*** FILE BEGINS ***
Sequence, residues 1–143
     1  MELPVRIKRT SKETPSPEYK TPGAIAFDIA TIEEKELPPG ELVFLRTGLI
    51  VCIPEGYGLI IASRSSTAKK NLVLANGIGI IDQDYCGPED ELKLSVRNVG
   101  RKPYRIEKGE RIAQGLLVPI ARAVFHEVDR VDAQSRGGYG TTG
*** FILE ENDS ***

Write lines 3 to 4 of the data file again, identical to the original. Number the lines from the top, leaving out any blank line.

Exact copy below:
    51  VCIPEGYGLI IASRSSTAKK NLVLANGIGI IDQDYCGPED ELKLSVRNVG
   101  RKPYRIEKGE RIAQGLLVPI ARAVFHEVDR VDAQSRGGYG TTG